Baho nga tubig, lapok, gikankan.

Gidala sa suba, gibanlas sa kadagatan.

(Drainage Canal a tremendous help

Soft muddy areas dried in no time

Foul smelling water, mud, excavated

Brought into the rivers, splashed into the seas)


We see the change around us.

A choice, clearly we were not mistaken.

We thank the Lord for giving us a chance

To choose drainage canal, we needed, the most important.


Miabot ang laing hinabang nga mao ang eskwelahan.

Pasilungan ang mga magtutudlo ug ang kabataan.

Dinhi ibu-bo ang kaalaman, isilsil ang maayong pamatasan.

Daghang Salamat sa AusAID among gipahumslan

Ikalipay namo uban sa mga ginikanan.

(Here comes another aid, a school building

Providing shade to teachers and students alike

Here is where knowledge will be dispensed, good conduct, inculcated

Thanks to AusAID, we will surely benefit of

All of us including the parents are rejoicing. )


Maraming Salamat sa Kalahi-CIDSS sa himala.

Salamat sa volunteers at mga mangagawa.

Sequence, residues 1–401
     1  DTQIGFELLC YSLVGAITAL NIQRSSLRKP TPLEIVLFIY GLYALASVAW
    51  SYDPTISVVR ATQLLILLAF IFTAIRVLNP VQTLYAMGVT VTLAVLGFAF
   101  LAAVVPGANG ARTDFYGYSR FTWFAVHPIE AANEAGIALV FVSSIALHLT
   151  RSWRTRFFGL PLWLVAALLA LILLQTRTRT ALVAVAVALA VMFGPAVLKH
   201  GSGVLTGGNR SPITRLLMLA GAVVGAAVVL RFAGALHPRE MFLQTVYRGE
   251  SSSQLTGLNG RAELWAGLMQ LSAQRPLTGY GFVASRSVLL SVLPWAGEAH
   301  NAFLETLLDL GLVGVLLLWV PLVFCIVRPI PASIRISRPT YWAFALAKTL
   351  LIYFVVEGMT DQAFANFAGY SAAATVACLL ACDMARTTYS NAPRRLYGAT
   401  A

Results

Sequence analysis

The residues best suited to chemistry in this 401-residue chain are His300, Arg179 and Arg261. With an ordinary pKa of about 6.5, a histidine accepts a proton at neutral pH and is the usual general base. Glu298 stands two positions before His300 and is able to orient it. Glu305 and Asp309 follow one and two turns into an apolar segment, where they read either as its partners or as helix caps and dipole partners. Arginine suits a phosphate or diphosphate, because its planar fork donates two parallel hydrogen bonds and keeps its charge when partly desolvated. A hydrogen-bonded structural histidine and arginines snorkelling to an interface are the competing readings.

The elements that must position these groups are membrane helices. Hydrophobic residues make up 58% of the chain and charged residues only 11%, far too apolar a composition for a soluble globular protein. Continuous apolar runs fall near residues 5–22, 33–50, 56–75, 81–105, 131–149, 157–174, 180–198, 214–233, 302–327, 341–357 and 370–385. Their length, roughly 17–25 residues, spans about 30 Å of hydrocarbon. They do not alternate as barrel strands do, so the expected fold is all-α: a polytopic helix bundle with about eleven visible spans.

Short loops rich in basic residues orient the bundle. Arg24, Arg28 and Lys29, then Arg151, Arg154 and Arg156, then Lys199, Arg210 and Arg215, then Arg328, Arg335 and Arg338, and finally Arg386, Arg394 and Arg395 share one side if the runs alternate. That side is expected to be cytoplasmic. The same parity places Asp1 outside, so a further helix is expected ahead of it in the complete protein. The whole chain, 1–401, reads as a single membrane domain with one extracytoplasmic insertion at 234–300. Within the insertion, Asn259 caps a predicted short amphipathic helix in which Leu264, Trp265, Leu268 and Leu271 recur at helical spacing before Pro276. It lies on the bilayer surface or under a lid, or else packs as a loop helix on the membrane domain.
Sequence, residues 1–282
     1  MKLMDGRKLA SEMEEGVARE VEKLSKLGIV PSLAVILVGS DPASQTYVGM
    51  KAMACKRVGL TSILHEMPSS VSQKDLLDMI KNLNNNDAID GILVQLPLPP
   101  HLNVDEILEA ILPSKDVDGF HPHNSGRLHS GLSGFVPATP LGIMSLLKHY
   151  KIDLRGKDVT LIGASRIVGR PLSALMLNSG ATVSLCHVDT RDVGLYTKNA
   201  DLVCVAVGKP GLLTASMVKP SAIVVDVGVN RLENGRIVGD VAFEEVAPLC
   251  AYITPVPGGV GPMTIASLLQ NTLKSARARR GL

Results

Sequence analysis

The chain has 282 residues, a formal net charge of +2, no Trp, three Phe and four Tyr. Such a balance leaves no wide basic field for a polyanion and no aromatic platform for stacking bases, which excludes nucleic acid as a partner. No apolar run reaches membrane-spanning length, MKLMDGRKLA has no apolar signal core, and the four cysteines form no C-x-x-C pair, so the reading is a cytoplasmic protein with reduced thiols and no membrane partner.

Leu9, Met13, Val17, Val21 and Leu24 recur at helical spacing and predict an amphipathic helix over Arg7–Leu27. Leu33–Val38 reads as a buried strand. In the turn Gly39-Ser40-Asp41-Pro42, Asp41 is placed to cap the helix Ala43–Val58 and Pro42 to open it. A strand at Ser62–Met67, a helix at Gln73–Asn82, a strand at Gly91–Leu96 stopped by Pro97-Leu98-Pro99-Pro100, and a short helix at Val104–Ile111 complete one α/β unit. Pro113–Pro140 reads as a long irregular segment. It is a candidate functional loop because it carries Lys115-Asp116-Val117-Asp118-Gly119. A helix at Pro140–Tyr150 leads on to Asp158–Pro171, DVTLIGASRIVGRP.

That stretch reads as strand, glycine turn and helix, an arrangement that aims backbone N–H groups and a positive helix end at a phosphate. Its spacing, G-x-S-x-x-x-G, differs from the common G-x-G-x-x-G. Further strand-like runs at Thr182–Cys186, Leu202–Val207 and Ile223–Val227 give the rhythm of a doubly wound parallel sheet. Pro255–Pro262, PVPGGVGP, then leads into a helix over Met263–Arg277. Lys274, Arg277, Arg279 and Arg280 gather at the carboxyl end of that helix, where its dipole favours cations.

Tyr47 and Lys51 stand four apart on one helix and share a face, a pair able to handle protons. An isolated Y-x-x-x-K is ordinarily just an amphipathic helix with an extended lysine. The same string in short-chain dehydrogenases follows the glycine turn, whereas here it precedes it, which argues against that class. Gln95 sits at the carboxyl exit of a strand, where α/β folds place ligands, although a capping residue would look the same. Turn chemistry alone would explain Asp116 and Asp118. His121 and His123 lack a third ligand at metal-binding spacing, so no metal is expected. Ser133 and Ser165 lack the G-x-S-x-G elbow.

Init at ulan hindi namin pinansin

Alikabok, baho, putik aming tiniis.

(Thank you so much Kalahi-CIDSS of the miracle

Thank you to all the volunteers and workers

We never gave in to the heat of the sun and the pouring rain

Enduring dusts, foul smells, and muddiness.)


Walay sapayan, kaning kalidsod among giagian,

Pagalagad ug serbisyo nga gikinahanglan

Aron molambo ug mausab ning Kapatagan.

Panginoong Diyos imo kaming gitabangan, Salamat sa tanan.

(Thanks to the hardship we have gone through

We endured the work and services needed

To ensure growth and development in Kapatagan

Lord God you helped and provided for us, we thank you for everything.)


Ang panginabuhian mi sulbong.

Daghan nang mga hayop, daghan nang mga tanom.

Minus na ang sakit, wala nay taong ga tikongkong.

Maayong panglawas, daghang makaon, milambo na ang panahon.

(Livelihood is in full bloom

Livestock and vegetation are a boom

Sickness has been limited, no one is in pain and suffering

Good times are rolling, we have good health, and abundance of food.)


Mabuhay Kalahi-CIDSS project, magpadayon.

Mabuhay Kapatagn, daghan kausaban.

(Long live Kalahi-CIDSS, keep it up.

Long live Kapatagan, continue progressing.)